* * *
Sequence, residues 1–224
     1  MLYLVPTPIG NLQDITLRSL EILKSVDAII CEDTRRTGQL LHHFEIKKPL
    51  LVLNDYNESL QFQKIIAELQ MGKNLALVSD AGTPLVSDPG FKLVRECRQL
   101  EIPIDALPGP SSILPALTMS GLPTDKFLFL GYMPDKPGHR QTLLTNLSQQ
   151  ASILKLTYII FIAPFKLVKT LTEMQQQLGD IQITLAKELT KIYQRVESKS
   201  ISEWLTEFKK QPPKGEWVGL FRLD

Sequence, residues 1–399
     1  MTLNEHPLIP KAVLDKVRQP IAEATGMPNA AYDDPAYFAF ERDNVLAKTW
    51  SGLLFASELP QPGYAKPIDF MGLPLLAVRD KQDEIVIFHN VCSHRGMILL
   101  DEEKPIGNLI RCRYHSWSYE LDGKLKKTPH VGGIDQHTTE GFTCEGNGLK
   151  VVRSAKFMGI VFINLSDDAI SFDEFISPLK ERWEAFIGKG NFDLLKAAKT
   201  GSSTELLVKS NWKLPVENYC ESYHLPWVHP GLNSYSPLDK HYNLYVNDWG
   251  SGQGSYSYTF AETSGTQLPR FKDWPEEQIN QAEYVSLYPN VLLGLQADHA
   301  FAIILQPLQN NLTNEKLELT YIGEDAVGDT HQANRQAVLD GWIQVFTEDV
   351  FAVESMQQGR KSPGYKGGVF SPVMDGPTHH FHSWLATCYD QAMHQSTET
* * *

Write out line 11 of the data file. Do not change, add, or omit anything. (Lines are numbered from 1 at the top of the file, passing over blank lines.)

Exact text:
   151  VVRSAKFMGI VFINLSDDAI SFDEFISPLK ERWEAFIGKG NFDLLKAAKT